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New Gonorrhea Treatments Show Promise in CDC/NIH Study

Additional options urgently needed (July 16)

Two new antibiotic regimens using existing drugs — injectable gentamicin in combination with oral azithromycin, and oral gemifloxacin in combination with oral azithromycin — have successfully treated gonorrhea infections in a clinical trial conducted by the Centers for Disease Control and Prevention (CDC) and the National Institutes of Health (NIH). The study’s objective was to identify new treatment options in the face of growing antibiotic resistance.

The new findings were presented July 16 at the 20th Meeting of the International Society for Sexually Transmitted Diseases Research (ISSTDR) in Vienna, Austria.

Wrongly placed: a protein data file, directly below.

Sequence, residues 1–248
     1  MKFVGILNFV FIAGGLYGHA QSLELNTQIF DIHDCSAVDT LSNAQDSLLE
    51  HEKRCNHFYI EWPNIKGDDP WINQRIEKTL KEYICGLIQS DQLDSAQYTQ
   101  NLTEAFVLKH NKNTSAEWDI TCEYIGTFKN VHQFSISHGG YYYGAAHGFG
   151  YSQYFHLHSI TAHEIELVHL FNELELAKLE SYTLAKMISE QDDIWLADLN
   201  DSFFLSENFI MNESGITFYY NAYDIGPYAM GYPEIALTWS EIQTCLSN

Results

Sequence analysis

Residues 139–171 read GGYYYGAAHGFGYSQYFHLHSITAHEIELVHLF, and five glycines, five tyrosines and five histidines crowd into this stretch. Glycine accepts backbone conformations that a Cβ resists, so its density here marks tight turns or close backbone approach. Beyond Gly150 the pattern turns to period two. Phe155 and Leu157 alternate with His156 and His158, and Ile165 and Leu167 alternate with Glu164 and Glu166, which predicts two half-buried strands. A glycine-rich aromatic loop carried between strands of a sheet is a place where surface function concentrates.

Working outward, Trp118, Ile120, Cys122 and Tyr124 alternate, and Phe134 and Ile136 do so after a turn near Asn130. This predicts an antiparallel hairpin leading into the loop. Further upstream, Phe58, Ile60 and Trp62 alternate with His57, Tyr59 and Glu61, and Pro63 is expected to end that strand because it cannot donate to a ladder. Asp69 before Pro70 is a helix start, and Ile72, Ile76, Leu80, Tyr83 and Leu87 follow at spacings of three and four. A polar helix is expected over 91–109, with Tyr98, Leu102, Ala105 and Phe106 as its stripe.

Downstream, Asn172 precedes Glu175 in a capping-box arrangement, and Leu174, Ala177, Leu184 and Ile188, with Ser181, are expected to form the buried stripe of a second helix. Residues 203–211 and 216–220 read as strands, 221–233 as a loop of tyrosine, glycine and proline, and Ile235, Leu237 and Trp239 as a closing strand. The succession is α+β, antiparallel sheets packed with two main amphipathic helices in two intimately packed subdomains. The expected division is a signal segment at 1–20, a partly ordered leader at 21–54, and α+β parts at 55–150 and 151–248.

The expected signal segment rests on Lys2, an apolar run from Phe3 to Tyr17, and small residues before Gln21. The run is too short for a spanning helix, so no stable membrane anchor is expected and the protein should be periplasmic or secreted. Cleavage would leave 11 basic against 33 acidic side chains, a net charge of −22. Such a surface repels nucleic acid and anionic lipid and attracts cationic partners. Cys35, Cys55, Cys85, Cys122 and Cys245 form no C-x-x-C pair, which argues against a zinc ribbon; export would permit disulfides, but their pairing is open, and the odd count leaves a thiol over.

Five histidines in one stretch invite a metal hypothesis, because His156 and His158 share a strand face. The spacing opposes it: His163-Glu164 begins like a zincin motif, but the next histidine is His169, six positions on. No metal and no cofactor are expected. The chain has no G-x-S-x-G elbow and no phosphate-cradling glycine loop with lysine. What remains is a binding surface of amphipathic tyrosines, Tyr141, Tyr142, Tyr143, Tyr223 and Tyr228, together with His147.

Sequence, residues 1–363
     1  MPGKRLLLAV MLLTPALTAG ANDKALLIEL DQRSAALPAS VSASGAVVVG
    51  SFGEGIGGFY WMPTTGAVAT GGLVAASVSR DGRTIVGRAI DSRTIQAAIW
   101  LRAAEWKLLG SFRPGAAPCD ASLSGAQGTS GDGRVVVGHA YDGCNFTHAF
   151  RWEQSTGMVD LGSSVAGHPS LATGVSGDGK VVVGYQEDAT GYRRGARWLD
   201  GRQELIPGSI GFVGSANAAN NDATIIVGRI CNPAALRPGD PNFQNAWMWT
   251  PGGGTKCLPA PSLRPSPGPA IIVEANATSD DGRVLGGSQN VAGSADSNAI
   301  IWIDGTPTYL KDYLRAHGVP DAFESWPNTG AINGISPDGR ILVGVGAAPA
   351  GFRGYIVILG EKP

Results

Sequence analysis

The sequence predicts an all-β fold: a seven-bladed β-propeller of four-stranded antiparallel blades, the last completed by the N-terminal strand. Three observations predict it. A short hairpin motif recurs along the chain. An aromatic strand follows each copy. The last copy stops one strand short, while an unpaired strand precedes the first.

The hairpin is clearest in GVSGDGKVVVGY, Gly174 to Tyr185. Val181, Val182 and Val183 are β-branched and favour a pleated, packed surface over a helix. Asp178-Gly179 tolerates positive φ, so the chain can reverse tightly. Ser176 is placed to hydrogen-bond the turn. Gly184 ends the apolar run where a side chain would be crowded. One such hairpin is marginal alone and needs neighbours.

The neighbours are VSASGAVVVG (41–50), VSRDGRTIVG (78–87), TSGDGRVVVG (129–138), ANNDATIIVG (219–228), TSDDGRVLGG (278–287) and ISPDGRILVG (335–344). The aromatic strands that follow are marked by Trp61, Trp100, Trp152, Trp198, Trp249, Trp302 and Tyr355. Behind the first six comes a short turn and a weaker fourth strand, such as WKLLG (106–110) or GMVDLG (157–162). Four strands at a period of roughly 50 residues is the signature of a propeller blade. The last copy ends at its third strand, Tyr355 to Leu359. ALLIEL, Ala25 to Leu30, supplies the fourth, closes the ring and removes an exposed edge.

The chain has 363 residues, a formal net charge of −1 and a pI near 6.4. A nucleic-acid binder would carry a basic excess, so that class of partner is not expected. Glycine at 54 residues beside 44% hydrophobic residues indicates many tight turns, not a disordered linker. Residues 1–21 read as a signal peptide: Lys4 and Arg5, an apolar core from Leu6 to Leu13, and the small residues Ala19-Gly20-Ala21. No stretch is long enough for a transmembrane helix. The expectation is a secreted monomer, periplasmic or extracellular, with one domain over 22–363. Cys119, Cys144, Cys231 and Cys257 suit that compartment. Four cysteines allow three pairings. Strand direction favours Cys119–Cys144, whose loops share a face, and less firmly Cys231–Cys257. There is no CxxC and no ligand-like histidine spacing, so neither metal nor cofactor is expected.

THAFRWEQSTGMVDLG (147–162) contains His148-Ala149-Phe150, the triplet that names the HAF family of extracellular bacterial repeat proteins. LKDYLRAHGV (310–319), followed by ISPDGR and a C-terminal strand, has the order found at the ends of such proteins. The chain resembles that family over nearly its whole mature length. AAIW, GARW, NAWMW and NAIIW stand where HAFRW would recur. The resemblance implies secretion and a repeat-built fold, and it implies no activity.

All of the drugs studied in the trial were FDA-approved and are available in the U.S. This is the first clinical trial to evaluate them as combination therapy for gonorrhea.

The researchers found 100% effectiveness of the injectable gentamicin/oral azithromycin combination in curing genital gonorrhea infections, and 99.5% effectiveness of the oral gemifloxacin/oral azithromycin combination. Both combinations cured 100% of infections of the throat and rectum. However, many trial participants reported adverse effects from the drugs, mostly gastrointestinal issues.

The new findings do not change current gonorrhea treatment guidelines. The CDC still recommends only one first-line treatment regimen: injectable ceftriaxone in combination with one of two other oral antibiotics, either azithromycin or doxycycline. This regimen remains highly effective in treating gonorrhea and causes limited side effects. However, providers may consider using the regimens studied in the new trial as alternative options when ceftriaxone cannot be used, such as in the case of a severe allergy.

The CDC is taking the findings of the new study into consideration for inclusion in future treatment guidelines.

Source: NIH; July 15, 2013.

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